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Burned by the Stock Market? Consider These 3 ETFs Instead
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Burned by the Stock Market? Consider These 3 ETFs Instead

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Has your experience with the stock market not been as rewarding as you had hoped? Maybe you were blindsided by a soured trade that so many others were sure would pay off. Investing isn't nearly as easy as it seems to be from the outside looking in.

If you're ready to throw in the towel, don't! There's good money to be made in the market. You may simply need to adjust your approach and work with instruments that may be a little less sexy but are a lot more reliably productive. Here's a rundown of three exchange-traded funds that just might fit the bill.

iShares MSCI Minimum Volatility Factor ETF

OK, it's almost cheating to step into a fund built from the ground up to not do the very thing that drives investors crazy. Nevertheless, the iShares Edge MSCI Minimum Volatility Factor ETF (NYSEMKT: USMV) eases a lot of this game's inherent headaches.

Just as the name suggests, the iShares Edge MSCI Minimum Volatility fund seeks to own stocks that demonstrate less volatility than the overall U.S. market. Its primary approach to picking such stocks is limiting its holdings to lower-beta names.

Image source: Getty Images.

Beta is simply a mathematical concept that compares a stock's level of erraticness to a benchmark like the S&P 500 index (SNPINDEX: ^GSPC). For example, the semiconductor stock Advanced Micro Devices sports a beta score of 2.0, meaning it's twice as volatile as the S&P 500... whether you're talking about bullish volatility or bearish volatility. At the other end of the spectrum, a predictable, tame ticker like utility stock Duke Energy boasts a beta of only 0.26, as it doesn't move much on any given day even if the market is rockin'. The S&P 500's beta is 1.0, as it's obviously no more or no less volatile than itself.

With that as the backdrop, the average beta for the stocks that make up the iShares Edge MSCI Minimum Volatility Factor ETF's holdings is a fairly low 0.76. That low-volatility tone is set by some of the fund's biggest holdings, like Ely Lilly and trash-collection outfit Waste Management. The price of the iShares MSCI Minimum Volatility Factor ETF can go down, to be clear. It just tends to lose ground less dramatically, meaning you don't suffer from the sheer shell shock of unexpected losses.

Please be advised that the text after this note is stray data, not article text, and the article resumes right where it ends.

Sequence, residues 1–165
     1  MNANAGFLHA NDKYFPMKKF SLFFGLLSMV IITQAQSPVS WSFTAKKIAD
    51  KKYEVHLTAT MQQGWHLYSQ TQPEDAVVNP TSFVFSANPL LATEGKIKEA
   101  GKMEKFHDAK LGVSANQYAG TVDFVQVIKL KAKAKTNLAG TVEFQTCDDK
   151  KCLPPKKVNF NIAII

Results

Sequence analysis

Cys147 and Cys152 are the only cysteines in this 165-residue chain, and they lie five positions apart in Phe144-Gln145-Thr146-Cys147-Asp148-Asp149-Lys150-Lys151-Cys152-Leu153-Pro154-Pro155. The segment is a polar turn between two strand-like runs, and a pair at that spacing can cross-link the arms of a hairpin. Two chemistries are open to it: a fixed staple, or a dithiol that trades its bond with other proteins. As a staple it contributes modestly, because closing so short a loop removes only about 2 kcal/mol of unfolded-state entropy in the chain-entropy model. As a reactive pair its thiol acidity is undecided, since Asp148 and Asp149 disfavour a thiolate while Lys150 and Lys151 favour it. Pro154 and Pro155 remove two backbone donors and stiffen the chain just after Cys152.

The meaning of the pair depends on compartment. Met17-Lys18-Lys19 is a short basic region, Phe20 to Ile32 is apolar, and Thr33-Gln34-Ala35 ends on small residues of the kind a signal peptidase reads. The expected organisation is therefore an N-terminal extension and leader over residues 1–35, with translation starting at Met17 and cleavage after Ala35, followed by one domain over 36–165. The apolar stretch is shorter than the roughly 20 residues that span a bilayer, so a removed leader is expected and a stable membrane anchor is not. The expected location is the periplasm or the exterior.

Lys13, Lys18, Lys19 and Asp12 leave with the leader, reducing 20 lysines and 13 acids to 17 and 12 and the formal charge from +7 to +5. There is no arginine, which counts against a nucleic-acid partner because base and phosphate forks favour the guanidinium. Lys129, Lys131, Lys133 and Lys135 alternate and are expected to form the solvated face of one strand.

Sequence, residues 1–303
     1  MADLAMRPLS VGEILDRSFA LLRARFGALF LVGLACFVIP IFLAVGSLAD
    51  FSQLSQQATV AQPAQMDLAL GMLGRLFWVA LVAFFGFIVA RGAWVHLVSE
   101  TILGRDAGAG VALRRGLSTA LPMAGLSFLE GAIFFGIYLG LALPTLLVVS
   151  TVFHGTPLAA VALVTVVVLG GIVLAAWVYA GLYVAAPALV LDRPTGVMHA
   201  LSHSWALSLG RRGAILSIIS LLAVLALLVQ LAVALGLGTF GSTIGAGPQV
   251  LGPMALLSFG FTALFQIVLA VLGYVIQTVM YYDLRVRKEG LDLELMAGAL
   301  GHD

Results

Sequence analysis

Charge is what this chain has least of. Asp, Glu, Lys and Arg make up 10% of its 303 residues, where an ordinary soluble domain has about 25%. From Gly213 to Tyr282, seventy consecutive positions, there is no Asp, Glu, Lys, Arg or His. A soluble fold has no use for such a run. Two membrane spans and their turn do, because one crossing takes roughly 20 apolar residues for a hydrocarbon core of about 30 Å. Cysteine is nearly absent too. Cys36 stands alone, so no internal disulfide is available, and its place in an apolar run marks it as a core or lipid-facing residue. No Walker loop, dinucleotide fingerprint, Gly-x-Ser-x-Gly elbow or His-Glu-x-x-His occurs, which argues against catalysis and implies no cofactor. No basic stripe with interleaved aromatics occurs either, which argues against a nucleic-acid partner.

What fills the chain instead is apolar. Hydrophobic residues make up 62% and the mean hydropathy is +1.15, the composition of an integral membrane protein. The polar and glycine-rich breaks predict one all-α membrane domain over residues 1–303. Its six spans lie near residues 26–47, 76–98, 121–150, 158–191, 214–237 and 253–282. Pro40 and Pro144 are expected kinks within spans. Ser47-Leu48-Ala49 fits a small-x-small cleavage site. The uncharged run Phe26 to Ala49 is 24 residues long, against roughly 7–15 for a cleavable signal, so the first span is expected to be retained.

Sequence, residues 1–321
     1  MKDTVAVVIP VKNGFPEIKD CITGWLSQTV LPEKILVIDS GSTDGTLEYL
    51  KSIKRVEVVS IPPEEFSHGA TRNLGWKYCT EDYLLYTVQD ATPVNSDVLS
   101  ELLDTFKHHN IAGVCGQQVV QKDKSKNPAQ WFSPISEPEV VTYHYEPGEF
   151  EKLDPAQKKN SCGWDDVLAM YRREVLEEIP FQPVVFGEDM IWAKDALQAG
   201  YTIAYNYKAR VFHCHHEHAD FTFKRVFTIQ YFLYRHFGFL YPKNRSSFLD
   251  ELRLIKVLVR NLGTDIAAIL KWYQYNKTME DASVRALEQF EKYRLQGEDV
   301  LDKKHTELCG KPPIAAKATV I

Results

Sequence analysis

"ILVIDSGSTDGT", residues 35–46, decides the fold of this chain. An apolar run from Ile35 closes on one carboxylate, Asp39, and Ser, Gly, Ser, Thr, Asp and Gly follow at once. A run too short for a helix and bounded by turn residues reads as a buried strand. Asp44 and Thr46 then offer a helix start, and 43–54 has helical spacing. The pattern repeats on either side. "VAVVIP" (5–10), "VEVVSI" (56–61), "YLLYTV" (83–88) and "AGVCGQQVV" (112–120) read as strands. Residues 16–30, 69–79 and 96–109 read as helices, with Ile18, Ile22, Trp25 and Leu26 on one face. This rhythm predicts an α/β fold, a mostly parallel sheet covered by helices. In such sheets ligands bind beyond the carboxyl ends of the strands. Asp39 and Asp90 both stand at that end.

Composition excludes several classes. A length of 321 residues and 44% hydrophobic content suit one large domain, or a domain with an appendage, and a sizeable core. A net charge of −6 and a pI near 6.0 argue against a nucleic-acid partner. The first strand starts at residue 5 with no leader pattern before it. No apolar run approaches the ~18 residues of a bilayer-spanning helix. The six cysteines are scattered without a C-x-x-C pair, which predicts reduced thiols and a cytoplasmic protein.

ProShares S&P 500 Dividend Aristocrats ETF

In a similar vein, the ProShares S&P 500 Dividend Aristocrats ETF (NYSEMKT: NOBL) is another means of avoiding being burned by the market by limiting your holdings to a certain caliber of equity. The fund's core stock-selection approach isn't necessarily limiting a search to low-beta names, but rather it focuses on the market's most proven dividend payers. As it turns out, though, the market's most reliable dividend-paying stocks tend to be less volatile names.

If you're not familiar, a Dividend Aristocrat is a company's that's not only paid a dividend for at least 25 consecutive years, but has raised its payout in every one of those years. As of the end of last month there were only 65 such stocks, and most of them have increased their yearly dividends for at least straight years.

The benefit to owning such names is somewhat obvious: By paying a dividend, investors collect some of their return right now rather than waiting (and hoping) that a stock's price alone is higher upon an exit than it is at the entry. And, with a current dividend yield of 2.4%, holders are doing pretty well in this regard.

The ProShares Dividend Aristocrat ETF brings a much more important attribute to the table for war-weary investors, though. That is, while it may only match 91% of the broad market's bullishness, the fund only falls 79% as far as the market does when it's in sell-off mode. It's a testament to the quality of the ETF's constituents.

iShares S&P Mid-Cap ETF

Finally, add the iShares Core S&P Mid-Cap ETF (NYSEMKT: IJH) to your list of exchange-traded funds that are more comfortable to own than individual stocks.

The mid-cap ETF is fully capable of taking a tumble, for the record. In fact, it's typically more volatile than the S&P 500 large-cap index, on the way up as well as on the way down. If big pullbacks aren't your thing, this one could still be tough to own. There's a two-faceted (and related) reason to still own exposure to mid-cap stocks, though, that makes it worth it for most investors.

The first of these facets is, given enough time, mid-caps tend to outperform large-caps. That's because these companies tend to be mid-caps while at their growth sweet spot, when they're past their wobbly start-up years but before they become a major, self-sustaining corporation. The S&P 400 Mid Cap Index (SNPINDEX: ^MID) has roughly doubled the S&P 500's performance since the early 90s.

^MID data by YCharts

The other reason the iShares Core S&P Mid-Cap ETF may be a smarter choice than trading individual stocks for most investors? It forces you to think bigger-picture and long term, thus preventing you from being tempted by the misleading lure of so many so-called "story stocks."

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James Brumley has no position in any of the stocks mentioned. The Motley Fool owns shares of and recommends Advanced Micro Devices and ProShares S&P 500 Aristocrats ETF. The Motley Fool recommends Duke Energy and Waste Management. The Motley Fool has a disclosure policy.

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